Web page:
The reason I’ve chosen to go with Bodyguardz this time around is availability. My local Apple reseller (*cough*NextByte*cough*) stocks them – while I can lay hands on a set of Invisible Shields fairly easily nowadays, I had to import my previous sets from the US – and that was before I had my iPhone… Besides, I was curious to try them out – by all accounts, they’re pretty much identical to the Invisible Shields, and do the same job.

This time around I’ve elected for something different – instead of using the front Bodyguardz as well as the back, I’m rocking a Power Support anti-glare screen protector. These are, quite frankly, awesome. The cool thing about them is that they diffuse any light that hits the screen – goodbye nasty reflections. They also feel really smooth, and are an absolute must for your iPhone if you’ve got to have a screen protector.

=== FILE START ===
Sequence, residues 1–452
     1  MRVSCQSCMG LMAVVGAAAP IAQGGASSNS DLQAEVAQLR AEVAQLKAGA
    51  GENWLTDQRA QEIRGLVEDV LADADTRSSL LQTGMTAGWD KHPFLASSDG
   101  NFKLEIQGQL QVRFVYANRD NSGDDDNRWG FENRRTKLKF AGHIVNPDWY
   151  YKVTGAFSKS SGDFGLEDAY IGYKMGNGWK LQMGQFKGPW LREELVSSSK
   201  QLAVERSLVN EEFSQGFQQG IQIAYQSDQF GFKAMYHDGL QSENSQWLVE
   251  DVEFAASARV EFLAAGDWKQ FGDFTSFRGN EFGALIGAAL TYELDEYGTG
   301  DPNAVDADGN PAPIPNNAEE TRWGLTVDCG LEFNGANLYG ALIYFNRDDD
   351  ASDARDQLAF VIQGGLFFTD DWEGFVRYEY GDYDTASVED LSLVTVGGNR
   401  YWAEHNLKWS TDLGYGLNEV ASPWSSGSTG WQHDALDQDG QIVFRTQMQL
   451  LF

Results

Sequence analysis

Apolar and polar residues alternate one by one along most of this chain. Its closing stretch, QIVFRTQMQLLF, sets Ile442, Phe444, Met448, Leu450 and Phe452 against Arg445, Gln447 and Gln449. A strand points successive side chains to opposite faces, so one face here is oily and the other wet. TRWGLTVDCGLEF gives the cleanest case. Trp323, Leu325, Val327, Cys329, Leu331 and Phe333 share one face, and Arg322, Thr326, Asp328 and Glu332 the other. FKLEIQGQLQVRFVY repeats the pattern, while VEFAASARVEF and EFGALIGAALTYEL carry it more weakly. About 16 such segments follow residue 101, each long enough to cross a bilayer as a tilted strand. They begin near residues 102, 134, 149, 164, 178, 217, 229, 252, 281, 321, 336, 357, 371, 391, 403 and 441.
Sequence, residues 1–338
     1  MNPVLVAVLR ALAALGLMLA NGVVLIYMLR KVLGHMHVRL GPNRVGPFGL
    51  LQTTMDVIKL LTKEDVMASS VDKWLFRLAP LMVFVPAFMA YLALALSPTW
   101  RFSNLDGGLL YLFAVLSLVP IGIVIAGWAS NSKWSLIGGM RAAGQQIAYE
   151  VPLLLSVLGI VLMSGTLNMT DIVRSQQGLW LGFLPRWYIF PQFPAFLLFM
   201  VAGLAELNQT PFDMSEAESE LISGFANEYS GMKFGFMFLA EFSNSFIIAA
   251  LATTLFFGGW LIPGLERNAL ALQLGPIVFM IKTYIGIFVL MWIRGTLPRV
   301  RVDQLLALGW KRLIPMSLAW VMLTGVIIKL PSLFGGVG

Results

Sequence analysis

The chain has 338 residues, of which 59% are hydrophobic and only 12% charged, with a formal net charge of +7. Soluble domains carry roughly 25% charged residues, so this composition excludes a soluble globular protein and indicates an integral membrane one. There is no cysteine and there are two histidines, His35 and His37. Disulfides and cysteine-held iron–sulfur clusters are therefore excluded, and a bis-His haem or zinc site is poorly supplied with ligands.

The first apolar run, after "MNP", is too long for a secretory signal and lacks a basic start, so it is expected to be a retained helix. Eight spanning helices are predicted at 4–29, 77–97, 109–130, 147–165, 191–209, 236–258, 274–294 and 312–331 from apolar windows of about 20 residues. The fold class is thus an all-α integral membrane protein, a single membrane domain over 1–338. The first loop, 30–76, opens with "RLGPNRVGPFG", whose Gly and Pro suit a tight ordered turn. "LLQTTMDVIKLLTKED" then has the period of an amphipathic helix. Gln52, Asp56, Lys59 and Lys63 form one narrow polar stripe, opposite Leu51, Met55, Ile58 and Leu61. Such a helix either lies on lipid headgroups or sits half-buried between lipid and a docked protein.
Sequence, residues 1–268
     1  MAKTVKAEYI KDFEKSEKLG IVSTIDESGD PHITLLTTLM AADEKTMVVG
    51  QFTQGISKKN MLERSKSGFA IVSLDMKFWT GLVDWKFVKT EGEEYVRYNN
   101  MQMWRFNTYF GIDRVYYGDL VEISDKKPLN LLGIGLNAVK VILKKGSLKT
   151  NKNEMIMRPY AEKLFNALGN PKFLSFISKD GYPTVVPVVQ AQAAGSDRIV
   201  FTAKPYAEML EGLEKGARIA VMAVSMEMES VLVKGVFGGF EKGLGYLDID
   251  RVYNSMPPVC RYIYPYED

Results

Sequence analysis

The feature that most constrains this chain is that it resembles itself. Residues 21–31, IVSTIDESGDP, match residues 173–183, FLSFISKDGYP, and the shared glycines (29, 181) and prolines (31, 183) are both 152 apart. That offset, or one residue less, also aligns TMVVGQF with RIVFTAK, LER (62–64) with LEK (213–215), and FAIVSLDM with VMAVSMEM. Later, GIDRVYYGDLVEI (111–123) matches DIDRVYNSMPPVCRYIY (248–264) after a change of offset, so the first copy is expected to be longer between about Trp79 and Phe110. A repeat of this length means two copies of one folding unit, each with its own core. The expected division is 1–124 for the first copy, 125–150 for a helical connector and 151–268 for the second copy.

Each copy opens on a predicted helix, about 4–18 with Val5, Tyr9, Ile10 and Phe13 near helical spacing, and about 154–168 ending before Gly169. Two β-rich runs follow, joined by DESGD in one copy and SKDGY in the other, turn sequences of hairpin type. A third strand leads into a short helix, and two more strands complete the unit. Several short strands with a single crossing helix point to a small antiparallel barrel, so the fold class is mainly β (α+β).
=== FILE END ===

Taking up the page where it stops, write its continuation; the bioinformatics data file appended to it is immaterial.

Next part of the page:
With a back Bodyguardz and a Power Support anti-glare screen protector, my iPhone is all pimped out. This makes me happy 🙂

This post brought to you by Blogtober 2009 (one of these days I’m going to write Bogtober and see if any of you notice). A post a day, huh? I can do that.

Farkin Adobe!!

OK, so my last MBP was recently crushed on a flight, totally stuffed, mobo damaged, HD has errors so not much easily retrievable there. So install my Photoshop CS3 onto my new machine. I have it already on the Mac Pro and you are allowed 2 copies, one on a desktop, one on a laptop. Prob is that since my last machine is unusable, I am unable to deregister the old machine.

So when I whack the serial in it balks at me saying I can’t install it. Fair nuf, I think to myself, I’ll just ring em like when you change a part in your PC and have to ring MS.